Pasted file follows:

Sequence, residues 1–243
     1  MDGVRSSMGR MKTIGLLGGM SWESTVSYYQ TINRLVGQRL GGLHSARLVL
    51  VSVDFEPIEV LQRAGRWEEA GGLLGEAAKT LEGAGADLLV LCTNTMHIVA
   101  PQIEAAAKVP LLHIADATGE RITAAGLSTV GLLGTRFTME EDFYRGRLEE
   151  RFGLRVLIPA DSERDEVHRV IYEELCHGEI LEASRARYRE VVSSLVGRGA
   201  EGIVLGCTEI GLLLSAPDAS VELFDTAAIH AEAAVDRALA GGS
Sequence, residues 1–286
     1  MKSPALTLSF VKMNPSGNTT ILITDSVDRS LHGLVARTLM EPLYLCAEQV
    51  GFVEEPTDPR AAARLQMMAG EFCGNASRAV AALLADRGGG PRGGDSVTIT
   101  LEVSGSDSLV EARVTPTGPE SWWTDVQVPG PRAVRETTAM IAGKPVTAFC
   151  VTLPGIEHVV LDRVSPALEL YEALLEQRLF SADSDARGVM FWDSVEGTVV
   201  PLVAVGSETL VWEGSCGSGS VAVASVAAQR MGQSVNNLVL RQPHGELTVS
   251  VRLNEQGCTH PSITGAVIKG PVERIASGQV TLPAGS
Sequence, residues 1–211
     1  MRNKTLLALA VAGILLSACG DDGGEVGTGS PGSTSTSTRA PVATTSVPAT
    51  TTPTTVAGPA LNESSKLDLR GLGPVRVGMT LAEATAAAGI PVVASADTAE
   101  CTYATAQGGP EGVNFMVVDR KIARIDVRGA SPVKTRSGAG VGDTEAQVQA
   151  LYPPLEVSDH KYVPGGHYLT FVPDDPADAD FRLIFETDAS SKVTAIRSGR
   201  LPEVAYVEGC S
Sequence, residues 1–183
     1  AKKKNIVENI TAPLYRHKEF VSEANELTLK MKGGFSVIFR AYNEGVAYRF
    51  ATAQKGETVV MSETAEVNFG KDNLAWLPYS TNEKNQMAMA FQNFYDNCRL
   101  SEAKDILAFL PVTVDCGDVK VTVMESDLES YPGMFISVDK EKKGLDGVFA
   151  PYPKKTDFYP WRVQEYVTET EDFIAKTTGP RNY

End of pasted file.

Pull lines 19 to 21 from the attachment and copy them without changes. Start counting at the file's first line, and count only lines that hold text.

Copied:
   201  LPEVAYVEGC S
Sequence, residues 1–183
     1  AKKKNIVENI TAPLYRHKEF VSEANELTLK MKGGFSVIFR AYNEGVAYRF